“Neither depth nor greatness, incidentally, are concepts much mentioned by philosophers, although I daresay it would be a good thing if they were; for they are not mere rhetorical flourishes. ‘Deep’ is a metaphorical expression — a metaphor drawn from wells, perhaps. What does it mean? What is meant by saying (whether or not this is true) that Pascal is a profounder thinker than Descartes, or that Mommsen or Fustel de Coulanges are greater historians than industrious compilers or the authors of patriotic textbooks?”

However, in the same short paper Berlin concludes with the judgment:

“…I cannot help thinking that the most useful task — indeed, the main one — for philosophers of history is the analysis of the logic of historical explanation. This means the analysis of the use of such words as ‘because’, ‘therefore’, ‘in due course’, ‘it was not surprising that’ and so on, which act as connecting links between various propositions about the past, and bind them into logical structures (so it seems to me) in a fashion different from that in which such logical cement is used in the natural sciences.”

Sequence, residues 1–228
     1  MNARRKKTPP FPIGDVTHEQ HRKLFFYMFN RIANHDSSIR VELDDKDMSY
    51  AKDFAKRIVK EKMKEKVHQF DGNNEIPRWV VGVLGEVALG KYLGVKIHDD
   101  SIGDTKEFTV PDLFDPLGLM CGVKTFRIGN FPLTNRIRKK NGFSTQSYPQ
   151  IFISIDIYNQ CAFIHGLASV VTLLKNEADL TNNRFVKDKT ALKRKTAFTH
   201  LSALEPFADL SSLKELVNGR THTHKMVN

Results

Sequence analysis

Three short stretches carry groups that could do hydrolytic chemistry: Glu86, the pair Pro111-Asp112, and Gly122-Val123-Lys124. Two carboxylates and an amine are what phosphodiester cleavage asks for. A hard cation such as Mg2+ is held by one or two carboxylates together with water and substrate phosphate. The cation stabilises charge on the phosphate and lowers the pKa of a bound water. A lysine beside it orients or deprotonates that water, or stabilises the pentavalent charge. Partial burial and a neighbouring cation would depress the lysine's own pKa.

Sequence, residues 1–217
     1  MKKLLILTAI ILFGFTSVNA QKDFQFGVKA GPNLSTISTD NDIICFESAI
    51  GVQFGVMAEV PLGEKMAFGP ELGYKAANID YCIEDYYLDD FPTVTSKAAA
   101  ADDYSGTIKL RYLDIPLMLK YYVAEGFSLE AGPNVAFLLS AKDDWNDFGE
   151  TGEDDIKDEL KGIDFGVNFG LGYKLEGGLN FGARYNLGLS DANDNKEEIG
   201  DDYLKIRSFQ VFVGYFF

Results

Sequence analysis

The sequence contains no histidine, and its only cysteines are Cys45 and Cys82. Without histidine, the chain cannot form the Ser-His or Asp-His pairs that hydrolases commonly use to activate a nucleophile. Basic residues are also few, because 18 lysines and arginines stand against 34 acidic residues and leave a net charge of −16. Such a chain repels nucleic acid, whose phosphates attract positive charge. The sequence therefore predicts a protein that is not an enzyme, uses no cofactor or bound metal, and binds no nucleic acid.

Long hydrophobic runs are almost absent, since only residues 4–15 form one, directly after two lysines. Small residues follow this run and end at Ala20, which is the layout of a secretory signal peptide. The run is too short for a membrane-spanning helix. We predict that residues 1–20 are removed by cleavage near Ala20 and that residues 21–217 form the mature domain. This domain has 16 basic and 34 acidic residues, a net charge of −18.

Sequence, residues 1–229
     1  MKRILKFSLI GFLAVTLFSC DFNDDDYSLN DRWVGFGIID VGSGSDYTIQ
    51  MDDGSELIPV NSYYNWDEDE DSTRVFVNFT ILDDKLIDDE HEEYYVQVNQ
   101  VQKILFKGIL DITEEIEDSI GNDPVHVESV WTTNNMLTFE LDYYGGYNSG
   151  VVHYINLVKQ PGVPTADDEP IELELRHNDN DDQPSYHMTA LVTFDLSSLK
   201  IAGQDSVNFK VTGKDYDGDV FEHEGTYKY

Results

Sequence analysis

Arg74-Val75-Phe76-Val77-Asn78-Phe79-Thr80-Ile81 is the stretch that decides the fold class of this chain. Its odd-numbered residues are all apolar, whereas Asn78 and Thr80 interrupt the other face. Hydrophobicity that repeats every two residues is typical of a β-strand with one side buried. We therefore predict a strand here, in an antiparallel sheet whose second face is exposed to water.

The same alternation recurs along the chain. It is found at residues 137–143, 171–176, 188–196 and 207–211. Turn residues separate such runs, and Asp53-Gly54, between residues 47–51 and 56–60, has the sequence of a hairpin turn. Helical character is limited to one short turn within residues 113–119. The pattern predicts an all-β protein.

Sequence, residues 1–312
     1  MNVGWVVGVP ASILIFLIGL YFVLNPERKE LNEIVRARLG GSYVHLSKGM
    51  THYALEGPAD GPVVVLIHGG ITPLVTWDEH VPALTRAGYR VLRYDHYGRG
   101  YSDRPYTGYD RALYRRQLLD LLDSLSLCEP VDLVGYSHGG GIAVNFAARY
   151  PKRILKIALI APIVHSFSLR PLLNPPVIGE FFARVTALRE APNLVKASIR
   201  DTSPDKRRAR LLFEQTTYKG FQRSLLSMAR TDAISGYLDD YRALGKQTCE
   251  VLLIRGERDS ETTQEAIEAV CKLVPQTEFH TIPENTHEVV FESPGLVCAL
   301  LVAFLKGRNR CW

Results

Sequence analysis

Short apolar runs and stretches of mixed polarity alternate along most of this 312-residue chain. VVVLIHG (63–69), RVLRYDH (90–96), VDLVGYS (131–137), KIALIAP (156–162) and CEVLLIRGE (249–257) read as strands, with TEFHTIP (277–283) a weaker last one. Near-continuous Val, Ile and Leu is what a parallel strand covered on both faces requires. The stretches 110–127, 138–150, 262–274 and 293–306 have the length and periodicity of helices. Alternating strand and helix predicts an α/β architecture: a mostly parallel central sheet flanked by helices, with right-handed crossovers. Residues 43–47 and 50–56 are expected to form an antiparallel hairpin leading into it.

The very title of this brief essay, by the way — Is a philosophy of history possible? — implies that we might reasonably argue in the affirmative or the negative, that the question was for Berlin an open one.

Berlin’s judgment that the logic of historical explanation ought to be the main task of philosophers of history, and in particular how he here formulates the task, offers us some insight into his denial of the possibility of scientific history. In his paper “The Concept of Scientific History” Berlin writes in the final paragraph: